Ravens' D playing 'angry' again

Posted by ESPN.com's James Walker

BALTIMORE -- Terrell Suggs was a little confused Sunday.

The Pro Bowl linebacker/defensive end hybrid couldn't fathom why the Baltimore Ravens weren't considered the most feared defense entering their high-profile matchup with the Denver Broncos.

"That was the case today?" Suggs asked. "Wow! Look how times have changed."

Suggs’ surprised response stemmed from Baltimore’s dominant showing in a 30-7 victory over previously undefeated Denver. The win ended a six-game winning streak for the Broncos (6-1), who had frustrated opponents by pounding teams defensively the same way the Ravens (4-3) had in the past.

But the past became the present as Baltimore’s defense best utilized its bye week by reverting to its nasty brand of physical football.

The Ravens rattled and confused Broncos quarterback Kyle Orton and held Denver to only 66 yards rushing. With the defense setting the tone, Baltimore forced Denver into submission, which is something no other team this year had been able to do.

"They were coming off their bye week where they were the best team in the NFL, and we were coming off our bye week where we had three disappointing losses," Suggs said. "We had a whole week with that on our mind and we were just hungry. We were angry, and we very confident coming in."

Say what you want about the Ravens’ defense. But first and foremost, it’s a prideful group.

Some may disagree with their penchant for chest-thumping and brash talk, but the Ravens put a lot of hard work into building their defensive reputation through the years. Yet veterans such as Ray Lewis, Suggs and Ed Reed recently endured a lot of criticism for being the No. 19-ranked defense entering the game against Denver, which had held opponents to a league-low 11 points per game.

It’s difficult to remember a time when so many people doubted Baltimore defensively. But Sunday's performance went a long way toward showing what its defense is still capable of.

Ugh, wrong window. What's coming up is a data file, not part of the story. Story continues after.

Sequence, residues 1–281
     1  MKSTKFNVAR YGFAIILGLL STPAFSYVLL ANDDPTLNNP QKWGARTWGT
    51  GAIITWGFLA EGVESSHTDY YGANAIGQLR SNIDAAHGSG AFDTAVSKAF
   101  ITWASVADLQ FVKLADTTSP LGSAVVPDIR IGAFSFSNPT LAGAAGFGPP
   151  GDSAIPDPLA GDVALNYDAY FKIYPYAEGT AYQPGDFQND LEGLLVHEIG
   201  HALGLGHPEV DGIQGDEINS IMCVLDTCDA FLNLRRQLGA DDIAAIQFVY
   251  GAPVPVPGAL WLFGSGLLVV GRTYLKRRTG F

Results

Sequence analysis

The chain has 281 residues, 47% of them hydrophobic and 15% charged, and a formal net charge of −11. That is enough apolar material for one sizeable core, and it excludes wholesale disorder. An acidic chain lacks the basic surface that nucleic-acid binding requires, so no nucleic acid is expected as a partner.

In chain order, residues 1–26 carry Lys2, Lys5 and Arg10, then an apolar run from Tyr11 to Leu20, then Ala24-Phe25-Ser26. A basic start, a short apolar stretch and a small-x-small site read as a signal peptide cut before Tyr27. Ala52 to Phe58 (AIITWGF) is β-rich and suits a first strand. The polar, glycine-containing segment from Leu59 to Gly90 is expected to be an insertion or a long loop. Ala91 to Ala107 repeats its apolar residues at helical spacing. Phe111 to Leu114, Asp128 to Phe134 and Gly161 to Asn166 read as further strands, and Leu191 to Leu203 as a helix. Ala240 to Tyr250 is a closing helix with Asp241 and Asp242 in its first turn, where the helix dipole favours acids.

"We have good players," Ravens coach John Harbaugh said. "It was fun to see them be able to do some things that they’ve been working hard to try and get done."

Denver’s game plan played perfectly into the Ravens' hands. The teams that gave Baltimore the most trouble this year all had great quarterbacks who weren’t afraid to challenge the Ravens vertically.

The Broncos are not a vertical team. They win with defense, field position and efficient play from Orton. But Baltimore made it look easy in beating Denver at its own game.

The Ravens stuffed the run and a majority of Denver’s screens, leaving the Broncos with very few options. Orton completed 23 of 37 passes for 152 yards and generally looked confused and out of rhythm for the first time this season. The Ravens sacked Orton twice and hit him often enough to make him uncomfortable.

Baltimore's offense also played better in the second half, and the special teams had a big return to start the third quarter. Rookie defensive back Lardarius Webb scored the first touchdown of the game on a 95-yard kickoff return to give the Ravens a 13-0 lead. It jump-started Baltimore’s run of 24 points in the second half.

Quarterback Joe Flacco completed 20 of 25 passes -- including 14 straight to end the game -- for 175 yards and a touchdown. The Ravens outgained Denver's offense 292-200, not including the big return.

"We have to be able to play tight defense no matter what we do," Reed said. "But give credit to our offense and special teams. There's no one side of the ball that can go without the other."

Last year Baltimore lost three games in a row early before making a run to the AFC Championship Game. If the Ravens continue to play defense at this level, there is no reason to believe they can't get hot once again.

A dominant performance against the Broncos is a good achievement. But the result is a setup to next week's huge division game against the first-place Cincinnati Bengals (5-2).

With the Bengals and Pittsburgh Steelers (5-2) on a bye, the Ravens gained a half-game in the standings to further tighten the AFC North race. It should be an interesting month of November as all three teams play each other over the next few weeks.

"They had a week off, [and] we know they’re going to be really, really excited about seeing us coming in there, trying to go two up on us in the division," Lewis said of Cincinnati. "And the bottom line is, we understand what's in front of us."